During the 80-mile death march, many died of beatings, lack of food and water, and disease. Following the march, White spent six months in O’Donnell POW Camp, where hundreds died every day.
Survivors from that camp were sent to another prison camp, Cabanatuan No. 1, to work on airfields and roads. One year later, all able-bodied prisoners were sent to Japan to work in factories and mines. White worked in coal mines at Camp 10 Fukuoka on the island of Kyushu, Japan.
Three and a half years of slave labor and starvation ended for White when Japan surrendered on Aug. 14, 1945. By then, he weighed only 80 pounds. After being liberated, he spent a year recovering in a hospital.
He married Claribel Habeisen in 1947 in Chicago, and in 1949, they homesteaded on the Ralston Bench, part of the Heart Mountain Project. They farmed there until 1990, when they sold the farm and moved to Powell.
White was well known in the Powell community, not only for the tremendous sacrifices and suffering he endured during his service to his country, but also for his enthusiastic patriotism and his kind and forgiving nature.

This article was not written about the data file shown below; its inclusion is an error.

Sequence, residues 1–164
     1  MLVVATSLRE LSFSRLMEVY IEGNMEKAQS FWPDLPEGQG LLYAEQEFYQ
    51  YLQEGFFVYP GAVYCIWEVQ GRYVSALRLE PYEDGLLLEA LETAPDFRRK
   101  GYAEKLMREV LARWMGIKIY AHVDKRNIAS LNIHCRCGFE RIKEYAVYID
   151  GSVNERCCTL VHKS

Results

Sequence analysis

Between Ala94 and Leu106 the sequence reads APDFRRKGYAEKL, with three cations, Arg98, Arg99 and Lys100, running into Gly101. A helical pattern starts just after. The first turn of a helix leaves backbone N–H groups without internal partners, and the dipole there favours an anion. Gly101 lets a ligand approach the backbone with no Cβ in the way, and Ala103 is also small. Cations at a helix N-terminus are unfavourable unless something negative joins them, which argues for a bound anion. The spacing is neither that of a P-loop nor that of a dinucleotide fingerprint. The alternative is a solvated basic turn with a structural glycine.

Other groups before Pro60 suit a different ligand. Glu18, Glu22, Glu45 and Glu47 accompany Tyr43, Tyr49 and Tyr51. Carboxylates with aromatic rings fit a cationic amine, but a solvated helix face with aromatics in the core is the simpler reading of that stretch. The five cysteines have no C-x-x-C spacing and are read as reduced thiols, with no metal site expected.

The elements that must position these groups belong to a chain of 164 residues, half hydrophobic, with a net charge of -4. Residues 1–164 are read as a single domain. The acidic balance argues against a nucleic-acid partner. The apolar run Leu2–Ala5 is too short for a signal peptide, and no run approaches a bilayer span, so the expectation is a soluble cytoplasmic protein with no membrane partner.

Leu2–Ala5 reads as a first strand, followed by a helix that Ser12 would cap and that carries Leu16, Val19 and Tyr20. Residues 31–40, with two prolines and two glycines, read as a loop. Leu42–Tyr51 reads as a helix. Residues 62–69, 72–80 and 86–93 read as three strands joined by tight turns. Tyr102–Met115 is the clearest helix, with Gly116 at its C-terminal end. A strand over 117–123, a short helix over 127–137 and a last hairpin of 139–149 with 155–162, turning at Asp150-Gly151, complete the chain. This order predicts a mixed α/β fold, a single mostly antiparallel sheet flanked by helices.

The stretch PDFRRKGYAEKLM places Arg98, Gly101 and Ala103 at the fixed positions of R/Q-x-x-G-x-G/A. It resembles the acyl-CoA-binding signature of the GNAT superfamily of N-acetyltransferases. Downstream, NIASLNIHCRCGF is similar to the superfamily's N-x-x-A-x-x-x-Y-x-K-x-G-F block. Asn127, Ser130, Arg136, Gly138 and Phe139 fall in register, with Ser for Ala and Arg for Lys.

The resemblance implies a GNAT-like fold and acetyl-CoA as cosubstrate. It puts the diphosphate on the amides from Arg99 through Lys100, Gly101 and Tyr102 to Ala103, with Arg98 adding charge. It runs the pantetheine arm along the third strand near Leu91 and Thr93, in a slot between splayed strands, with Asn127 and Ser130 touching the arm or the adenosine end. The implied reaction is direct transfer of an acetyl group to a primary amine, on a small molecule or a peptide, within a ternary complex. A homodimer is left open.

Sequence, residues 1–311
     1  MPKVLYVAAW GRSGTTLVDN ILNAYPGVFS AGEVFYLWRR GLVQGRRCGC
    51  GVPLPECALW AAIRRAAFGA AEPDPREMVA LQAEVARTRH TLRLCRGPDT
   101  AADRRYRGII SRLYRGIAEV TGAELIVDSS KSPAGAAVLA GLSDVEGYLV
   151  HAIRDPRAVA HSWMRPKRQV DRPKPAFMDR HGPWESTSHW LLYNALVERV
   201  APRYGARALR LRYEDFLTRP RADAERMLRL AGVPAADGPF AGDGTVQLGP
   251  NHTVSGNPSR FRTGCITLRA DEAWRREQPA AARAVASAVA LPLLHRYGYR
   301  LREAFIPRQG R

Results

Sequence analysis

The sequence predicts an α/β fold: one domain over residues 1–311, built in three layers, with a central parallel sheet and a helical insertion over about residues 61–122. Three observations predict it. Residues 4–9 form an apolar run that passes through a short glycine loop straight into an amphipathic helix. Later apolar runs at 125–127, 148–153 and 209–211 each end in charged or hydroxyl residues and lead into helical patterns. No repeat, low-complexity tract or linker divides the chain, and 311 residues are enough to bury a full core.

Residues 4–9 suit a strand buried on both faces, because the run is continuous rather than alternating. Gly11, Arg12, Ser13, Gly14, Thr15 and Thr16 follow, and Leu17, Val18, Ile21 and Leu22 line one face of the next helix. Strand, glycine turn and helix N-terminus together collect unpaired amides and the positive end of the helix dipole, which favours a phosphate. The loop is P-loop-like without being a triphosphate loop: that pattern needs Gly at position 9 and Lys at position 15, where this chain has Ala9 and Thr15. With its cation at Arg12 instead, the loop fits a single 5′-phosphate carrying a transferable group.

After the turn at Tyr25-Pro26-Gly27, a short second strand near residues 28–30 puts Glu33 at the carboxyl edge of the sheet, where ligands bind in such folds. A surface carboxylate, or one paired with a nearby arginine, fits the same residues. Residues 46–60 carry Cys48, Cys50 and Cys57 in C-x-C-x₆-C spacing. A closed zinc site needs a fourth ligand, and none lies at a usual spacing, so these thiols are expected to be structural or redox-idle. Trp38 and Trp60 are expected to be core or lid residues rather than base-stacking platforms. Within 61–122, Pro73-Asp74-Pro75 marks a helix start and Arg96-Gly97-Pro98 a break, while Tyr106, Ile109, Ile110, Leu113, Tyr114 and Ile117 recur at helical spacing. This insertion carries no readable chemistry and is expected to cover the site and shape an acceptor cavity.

“It’s amazing that he could be so happy and content having survived the horrors he lived through and the things he saw,” American Legion Hughes-Pittinger Post 26 Adjunct Pat Miller wrote in a letter she sent to the Tribune Sunday.
“He told me once that he used to wonder why he survived when so many others didn’t,” Miller wrote. “I have since come to think (that), besides being strong-willed and determined to live, it was so he could spread his true patriotism and Americanism where ever he went. He could have been bitter from all he endured. But he wasn’t.”
“He was one of what Tom Brokaw labeled ‘The Greatest Generation,’” wrote Scott and Cathy Sibley in a letter to the editor. “If you did not know him, or you did not take or make the time to know him, then you missed out on knowing a national treasure.”
A funeral service for White is set for Thursday. A complete obituary appears on this page.